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January 17, 2021

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Classic Hangzhou fare wrapped in nostalgia

NOT far from the glamorous dining spots along the city’s waterfront resides a lovely restaurant well hidden behind a low-key façade on Sichuan Road M., dotted with impressive historic buildings that will hit you with a wave of nostalgia. And the same can be said of Le Patio & La Famille — a restaurant specializing in Hangzhou cuisine.

The restaurant’s interior personifies Shanghai of yesteryear and is one of a few venues exuding a classic vibe in a fast-moving cosmopolitan city.

The restaurant has two venues in the city. This outlet on the Bund has been in business for 13 years and has received a Michelin star over the past five consecutive years. It’s well worth dropping by if you want to enjoy a good Chinese meal with a courteous and friendly service in a cozy ambience.

The cooking here celebrates the traditional and diverse cuisine of Hangzhou, capital of Zhejiang Province, and its surrounding region.

Zhejiang fare is associated with freshness, tenderness and smoothness of taste.

Hangzhou cuisine is light, crisp, elegant and highly finished. It is characterized by elaborate preparation and varying techniques, such as sautéing, stewing and stir and deep-frying, which varies with the change of the season.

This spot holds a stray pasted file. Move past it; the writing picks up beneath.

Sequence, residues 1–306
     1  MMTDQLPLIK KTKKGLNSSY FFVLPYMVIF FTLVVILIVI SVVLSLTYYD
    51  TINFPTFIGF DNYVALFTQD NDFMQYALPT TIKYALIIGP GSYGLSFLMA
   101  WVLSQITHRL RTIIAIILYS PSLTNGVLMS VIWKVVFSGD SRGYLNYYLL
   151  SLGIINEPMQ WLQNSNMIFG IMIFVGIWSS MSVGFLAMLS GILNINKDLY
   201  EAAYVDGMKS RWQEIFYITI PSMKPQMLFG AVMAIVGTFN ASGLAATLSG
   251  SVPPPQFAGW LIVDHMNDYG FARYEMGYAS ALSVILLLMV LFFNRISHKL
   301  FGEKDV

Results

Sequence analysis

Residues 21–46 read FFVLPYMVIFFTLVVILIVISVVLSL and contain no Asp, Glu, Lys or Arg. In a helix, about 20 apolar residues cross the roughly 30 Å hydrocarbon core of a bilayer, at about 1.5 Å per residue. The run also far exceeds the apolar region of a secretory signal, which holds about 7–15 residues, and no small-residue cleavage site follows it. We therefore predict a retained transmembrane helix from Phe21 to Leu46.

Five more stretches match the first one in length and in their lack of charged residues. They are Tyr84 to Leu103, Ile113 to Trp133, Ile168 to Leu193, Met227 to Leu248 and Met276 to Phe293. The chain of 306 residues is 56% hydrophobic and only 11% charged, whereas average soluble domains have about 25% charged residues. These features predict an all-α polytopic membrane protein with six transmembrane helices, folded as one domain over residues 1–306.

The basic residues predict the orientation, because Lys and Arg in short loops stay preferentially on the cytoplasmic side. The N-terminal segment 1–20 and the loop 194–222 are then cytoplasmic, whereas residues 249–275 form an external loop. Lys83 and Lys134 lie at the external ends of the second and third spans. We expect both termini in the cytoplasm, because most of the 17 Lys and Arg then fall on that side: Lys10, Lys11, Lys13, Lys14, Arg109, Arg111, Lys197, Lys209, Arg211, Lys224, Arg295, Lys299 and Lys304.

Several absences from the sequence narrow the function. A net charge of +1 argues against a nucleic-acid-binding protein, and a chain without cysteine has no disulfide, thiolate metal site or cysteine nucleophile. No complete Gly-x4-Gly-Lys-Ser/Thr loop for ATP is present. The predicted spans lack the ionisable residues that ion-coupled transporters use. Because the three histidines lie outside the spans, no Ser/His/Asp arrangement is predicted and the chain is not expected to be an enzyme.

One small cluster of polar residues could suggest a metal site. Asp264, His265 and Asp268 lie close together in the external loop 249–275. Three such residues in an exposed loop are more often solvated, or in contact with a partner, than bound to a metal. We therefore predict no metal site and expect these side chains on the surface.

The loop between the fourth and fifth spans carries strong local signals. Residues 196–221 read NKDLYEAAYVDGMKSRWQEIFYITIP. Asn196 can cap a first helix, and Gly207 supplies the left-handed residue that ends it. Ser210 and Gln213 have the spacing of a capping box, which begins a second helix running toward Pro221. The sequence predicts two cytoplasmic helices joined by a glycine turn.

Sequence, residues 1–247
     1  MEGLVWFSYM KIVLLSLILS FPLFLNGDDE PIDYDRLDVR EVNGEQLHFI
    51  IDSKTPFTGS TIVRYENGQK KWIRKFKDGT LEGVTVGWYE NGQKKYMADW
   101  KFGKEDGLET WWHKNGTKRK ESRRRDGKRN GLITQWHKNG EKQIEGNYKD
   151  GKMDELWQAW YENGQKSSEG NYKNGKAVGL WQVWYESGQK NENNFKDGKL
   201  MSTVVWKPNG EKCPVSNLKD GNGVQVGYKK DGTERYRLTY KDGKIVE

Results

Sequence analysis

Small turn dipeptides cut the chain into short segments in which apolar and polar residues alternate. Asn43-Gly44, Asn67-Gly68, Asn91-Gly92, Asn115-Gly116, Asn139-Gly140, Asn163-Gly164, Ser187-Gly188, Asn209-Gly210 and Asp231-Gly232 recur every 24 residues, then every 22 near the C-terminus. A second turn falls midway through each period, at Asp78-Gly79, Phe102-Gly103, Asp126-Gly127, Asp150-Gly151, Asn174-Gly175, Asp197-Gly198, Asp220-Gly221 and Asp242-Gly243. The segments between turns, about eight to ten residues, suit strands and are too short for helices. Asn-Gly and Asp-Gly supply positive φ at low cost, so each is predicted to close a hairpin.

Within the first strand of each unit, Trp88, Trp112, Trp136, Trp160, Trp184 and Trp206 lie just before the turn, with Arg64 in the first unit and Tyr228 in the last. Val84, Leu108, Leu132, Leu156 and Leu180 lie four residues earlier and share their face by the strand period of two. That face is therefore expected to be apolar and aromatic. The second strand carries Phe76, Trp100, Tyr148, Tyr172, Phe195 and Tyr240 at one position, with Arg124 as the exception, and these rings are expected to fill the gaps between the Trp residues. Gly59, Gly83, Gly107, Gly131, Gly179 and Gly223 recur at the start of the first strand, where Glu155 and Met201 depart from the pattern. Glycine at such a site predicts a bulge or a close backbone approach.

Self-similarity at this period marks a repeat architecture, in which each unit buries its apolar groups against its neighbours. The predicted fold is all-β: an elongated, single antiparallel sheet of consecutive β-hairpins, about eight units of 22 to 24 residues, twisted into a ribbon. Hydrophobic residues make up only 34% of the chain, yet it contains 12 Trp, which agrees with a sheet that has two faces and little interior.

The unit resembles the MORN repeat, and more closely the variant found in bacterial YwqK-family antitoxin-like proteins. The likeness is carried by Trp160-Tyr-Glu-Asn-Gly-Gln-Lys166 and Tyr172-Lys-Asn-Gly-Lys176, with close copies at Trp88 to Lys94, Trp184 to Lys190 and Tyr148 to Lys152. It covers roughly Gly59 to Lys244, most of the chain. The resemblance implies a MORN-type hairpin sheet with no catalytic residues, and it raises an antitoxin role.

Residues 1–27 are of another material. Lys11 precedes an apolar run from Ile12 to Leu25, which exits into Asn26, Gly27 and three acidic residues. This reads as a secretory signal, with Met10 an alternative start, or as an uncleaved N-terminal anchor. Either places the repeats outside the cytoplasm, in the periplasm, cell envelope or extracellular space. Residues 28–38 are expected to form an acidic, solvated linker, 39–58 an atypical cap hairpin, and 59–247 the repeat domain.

At Le Paio & La Famille, the seasonal menu is updated regularly to keep it fresh. Rather than serving everything simultaneously, the food arrived steadily allowing us to savor each course separately.

Most of the signature Hangzhou dishes are featured here, such as Longjing shrimp, braised ham in honey sauce, and traditional duck soup with dried bamboo shoots.

The highlight of the menu is undoubtedly the gold medal pork (168 yuan) served with pancakes. The pork belly is carved out into a pyramid shape and the knife skills that sliced meticulously along the edges of the pork belly, keeping the piece together as one long strip, were impressive. The thin, pork belly slices wrapped inside the pancake melted in the mouth, releasing a sweet, savory fragrance.

Crispy eel and shrimp (88 yuan) is another typical Hangzhou dish worth a try.

The deep-fried eel slices, with a special sauce, tasted fairly sweet and fresh, while the stir-fried fresh water river shrimps were moist and tender, balancing the stronger flavors from the eels and contrasting with the crispy textures. The restaurant also offers authentic Hangzhou noodles and snacks, such as Pian’erchuan. The noodle soup, with the toppings composed of sliced pork, bamboo shoots and preserved vegetables, is delicious.


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